RE: indexing

From: Mark W. Farnham <>
Date: Tue, 19 Feb 2013 14:35:21 -0500
Message-ID: <024801ce0ed8$42a16000$c7e42000$>


If showing them the list of indexes you have on the relevant tables does not quickly lead to cooperation and voluntary rationalization of the strategy, then monitoring to show them whether they have unused indexes and following Tim's outline below is probably the best course. If you doubt your audience's ability to cooperate, leaping directly to monitoring, etc., is the way to go.

If you CAN get them to engage in a logical assessment as well, it also covers the case where each of 2 indexes that are slight winners for different queries (and so show up in monitoring as used), but keeping either one would be a big net win by having one index instead of 2.

It sure is hard to argue AGAINST dropping an index if it does not ever get used and you can show that by monitoring index usage. Do watch out for the "small time window" problem when evaluating the results of monitoring: If you ignore something that only happens once a month or once a quarter, dropping an "unused" index based on monitoring some specific day or week can get you in trouble.


-----Original Message-----
From: [] On Behalf Of Tim Gorman
Sent: Tuesday, February 19, 2013 1:40 PM To:
Subject: Re: indexing

I agree with Jackie. Technical reasoning is useful, but often becomes just one position in a heated technical argument moderated by a disinterested non-technical person, but hard facts win the day and pave the way for one's own position.

Monitor the indexes either by using ALTER INDEX ... MONITORING USAGE command and then querying V$OBJECT_USAGE afterwards, or (if you are licensed for AWR) query the DBA_HIST_SQL_PLAN for OBJECT_NAME IN (/index-name-list/) and view the SQL text captured. The former mechanism (i.e. index monitoring) is designed for identifying unused indexes and is guaranteed accurate (see Tim Hall's excellent post at ""), and the latter suggestion (i.e. mining AWR data) is just a quick 'n' dirty way to detect index usage, but is based on sampled data and is not guaranteed accurate.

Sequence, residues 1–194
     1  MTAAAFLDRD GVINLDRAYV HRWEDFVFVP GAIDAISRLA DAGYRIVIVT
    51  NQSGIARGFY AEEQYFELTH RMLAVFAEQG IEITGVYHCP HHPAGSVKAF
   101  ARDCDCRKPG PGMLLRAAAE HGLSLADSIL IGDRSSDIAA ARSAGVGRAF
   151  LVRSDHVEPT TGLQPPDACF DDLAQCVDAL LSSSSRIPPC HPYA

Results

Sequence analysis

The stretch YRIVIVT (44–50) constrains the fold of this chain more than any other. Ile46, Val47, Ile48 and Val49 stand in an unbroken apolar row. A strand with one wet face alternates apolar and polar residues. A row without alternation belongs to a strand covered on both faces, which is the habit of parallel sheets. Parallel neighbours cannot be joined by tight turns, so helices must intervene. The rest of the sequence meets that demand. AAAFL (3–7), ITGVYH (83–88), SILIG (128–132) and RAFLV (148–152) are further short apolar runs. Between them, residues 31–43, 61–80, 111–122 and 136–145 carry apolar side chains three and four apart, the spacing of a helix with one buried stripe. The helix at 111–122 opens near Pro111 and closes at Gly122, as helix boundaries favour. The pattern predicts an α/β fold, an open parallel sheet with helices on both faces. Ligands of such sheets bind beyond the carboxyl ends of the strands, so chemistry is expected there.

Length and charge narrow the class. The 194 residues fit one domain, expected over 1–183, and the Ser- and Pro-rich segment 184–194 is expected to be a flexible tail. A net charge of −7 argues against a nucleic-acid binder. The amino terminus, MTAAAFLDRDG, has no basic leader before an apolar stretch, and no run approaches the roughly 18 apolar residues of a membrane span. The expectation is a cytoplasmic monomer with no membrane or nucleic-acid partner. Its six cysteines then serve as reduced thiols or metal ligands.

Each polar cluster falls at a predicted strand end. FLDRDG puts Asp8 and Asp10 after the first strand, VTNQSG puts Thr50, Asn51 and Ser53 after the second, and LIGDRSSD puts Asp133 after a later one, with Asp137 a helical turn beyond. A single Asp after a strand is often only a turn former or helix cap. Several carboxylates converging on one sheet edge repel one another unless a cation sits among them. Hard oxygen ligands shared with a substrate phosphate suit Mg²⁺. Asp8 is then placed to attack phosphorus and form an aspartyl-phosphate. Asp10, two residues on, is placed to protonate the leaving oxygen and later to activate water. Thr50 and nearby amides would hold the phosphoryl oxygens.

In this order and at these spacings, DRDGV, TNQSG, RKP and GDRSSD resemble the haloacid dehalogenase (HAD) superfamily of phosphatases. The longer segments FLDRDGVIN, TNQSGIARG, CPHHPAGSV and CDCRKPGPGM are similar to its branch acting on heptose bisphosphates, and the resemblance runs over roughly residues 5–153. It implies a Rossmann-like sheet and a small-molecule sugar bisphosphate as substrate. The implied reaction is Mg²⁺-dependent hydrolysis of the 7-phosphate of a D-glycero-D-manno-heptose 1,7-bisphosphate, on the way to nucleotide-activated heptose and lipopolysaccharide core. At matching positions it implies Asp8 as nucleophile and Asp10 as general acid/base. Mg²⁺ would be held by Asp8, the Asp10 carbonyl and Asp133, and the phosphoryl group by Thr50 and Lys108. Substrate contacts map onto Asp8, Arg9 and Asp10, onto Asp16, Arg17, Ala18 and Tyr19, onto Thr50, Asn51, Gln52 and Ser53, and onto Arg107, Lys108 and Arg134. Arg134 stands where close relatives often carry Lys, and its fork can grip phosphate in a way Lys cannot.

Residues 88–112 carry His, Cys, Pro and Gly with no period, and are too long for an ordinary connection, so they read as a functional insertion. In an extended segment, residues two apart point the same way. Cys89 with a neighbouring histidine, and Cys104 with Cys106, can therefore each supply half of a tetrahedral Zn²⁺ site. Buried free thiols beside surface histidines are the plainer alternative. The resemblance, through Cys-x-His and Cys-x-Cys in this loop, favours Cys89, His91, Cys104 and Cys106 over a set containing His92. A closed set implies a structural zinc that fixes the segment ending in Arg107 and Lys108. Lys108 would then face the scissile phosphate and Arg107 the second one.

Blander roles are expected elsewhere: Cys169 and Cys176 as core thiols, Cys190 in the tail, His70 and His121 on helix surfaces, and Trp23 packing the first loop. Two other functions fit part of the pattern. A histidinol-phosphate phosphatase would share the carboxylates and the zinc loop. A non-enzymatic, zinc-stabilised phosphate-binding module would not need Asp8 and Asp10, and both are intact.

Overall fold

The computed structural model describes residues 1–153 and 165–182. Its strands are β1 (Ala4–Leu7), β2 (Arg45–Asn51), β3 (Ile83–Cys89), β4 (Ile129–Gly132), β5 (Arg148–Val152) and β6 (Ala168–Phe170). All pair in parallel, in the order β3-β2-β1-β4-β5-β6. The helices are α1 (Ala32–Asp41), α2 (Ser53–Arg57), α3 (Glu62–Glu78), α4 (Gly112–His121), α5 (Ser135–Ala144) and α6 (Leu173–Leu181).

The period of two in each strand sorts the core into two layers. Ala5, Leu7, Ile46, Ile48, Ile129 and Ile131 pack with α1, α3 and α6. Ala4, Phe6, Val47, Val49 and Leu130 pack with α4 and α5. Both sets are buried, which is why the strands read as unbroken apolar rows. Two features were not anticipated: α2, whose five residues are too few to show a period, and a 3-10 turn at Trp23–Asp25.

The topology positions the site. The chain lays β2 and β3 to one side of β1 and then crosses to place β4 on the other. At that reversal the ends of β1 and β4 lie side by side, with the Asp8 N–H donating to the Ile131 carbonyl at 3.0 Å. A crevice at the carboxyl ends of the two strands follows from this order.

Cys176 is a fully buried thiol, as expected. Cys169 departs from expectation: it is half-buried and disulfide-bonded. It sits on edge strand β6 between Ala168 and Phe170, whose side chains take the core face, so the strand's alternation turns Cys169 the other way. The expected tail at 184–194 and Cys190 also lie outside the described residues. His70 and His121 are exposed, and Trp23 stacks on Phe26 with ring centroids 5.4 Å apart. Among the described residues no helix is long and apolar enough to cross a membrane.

Once unused indexes have been empirically proven, then you can document the cost in terms of space (by querying DBA_SEGMENTS) and estimate the relative cost to INSERT, UPDATE, and DELETE performance by constructing a copy of the table and it's indexes and using bogus workload generated within a PL/SQL procedure performing a fixed number of INSERT, UPDATE, and DELETE operations against the copied table. By running the PL/SQL procedure as a baseline, then removing the unused indexes and re-running the PL/SQL procedure, you should be able to provide a good estimate of the impact of the useless and unused indexes on transactions.

It would be ideal if the impact in terms of space and transactional processing was impressive, but if it is a small and static table, be prepared for relatively unimpressive justification. In this situation, be prepared for a negative decision to your proposal, but at least you'll have the techiques in place for the same situation involving a large and volatile table.

Hope this helps...

Tim Gorman
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On 2/19/2013 9:34 AM, Jackie Brock wrote:

> Why not monitor indexes for usage? :)
> -----Original Message-----
> From:
> [] On Behalf Of Taral Desai
> Sent: Tuesday, February 19, 2013 9:20 AM
> To: Brian Zelli
> Cc: oracle-l (
> Subject: Re: indexing
> Well. this might be too much but still depends. You need to provide some
more information Like 1. How many approximately rows this table has 2. No. of columns 3. How frequently int's updated/deleted or data is inserted.
> 4. What kind of indexes it has and what are the layout
> And most importantly is you need to ask Is this index is going to help
some query if so then can it be combined with other index.
> So, it's not easy to answer this question without any information.
> On Tue, Feb 19, 2013 at 10:08 AM, Zelli, Brian
> <>wrote:
>> I have developers who are able to create indexes thru their
>> application builder. On one table they have 30 indexes. I've often
>> said to them that they are creating too many but I get overruled by their
manager. Are they
>> creating too many? Can oracle handle many, many indexes? Is there a
>> I can at least minimize any depreciation of performance if they are
>> going to be allowed to do this?
>> ciao,
>> Brian
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Received on Tue Feb 19 2013 - 20:35:21 CET

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